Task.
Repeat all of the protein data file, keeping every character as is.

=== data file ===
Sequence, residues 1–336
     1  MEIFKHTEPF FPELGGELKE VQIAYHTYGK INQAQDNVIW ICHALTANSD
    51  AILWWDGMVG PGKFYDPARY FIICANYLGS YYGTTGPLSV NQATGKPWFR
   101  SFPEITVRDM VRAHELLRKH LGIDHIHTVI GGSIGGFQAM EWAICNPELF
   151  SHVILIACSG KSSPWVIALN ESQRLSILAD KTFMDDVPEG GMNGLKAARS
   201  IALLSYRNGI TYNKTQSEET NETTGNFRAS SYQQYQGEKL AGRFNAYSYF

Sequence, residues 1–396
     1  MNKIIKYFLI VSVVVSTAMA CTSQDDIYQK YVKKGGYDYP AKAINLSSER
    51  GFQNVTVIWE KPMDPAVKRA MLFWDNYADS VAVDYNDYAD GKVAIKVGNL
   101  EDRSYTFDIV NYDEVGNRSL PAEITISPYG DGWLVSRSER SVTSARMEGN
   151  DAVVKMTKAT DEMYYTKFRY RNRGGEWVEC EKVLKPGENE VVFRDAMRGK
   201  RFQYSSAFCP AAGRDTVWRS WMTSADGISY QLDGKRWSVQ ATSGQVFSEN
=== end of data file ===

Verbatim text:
Sequence, residues 1–336
     1  MEIFKHTEPF FPELGGELKE VQIAYHTYGK INQAQDNVIW ICHALTANSD
    51  AILWWDGMVG PGKFYDPARY FIICANYLGS YYGTTGPLSV NQATGKPWFR
   101  SFPEITVRDM VRAHELLRKH LGIDHIHTVI GGSIGGFQAM EWAICNPELF
   151  SHVILIACSG KSSPWVIALN ESQRLSILAD KTFMDDVPEG GMNGLKAARS
   201  IALLSYRNGI TYNKTQSEET NETTGNFRAS SYQQYQGEKL AGRFNAYSYF

Sequence, residues 1–396
     1  MNKIIKYFLI VSVVVSTAMA CTSQDDIYQK YVKKGGYDYP AKAINLSSER
    51  GFQNVTVIWE KPMDPAVKRA MLFWDNYADS VAVDYNDYAD GKVAIKVGNL
   101  EDRSYTFDIV NYDEVGNRSL PAEITISPYG DGWLVSRSER SVTSARMEGN
   151  DAVVKMTKAT DEMYYTKFRY RNRGGEWVEC EKVLKPGENE VVFRDAMRGK
   201  RFQYSSAFCP AAGRDTVWRS WMTSADGISY QLDGKRWSVQ ATSGQVFSEN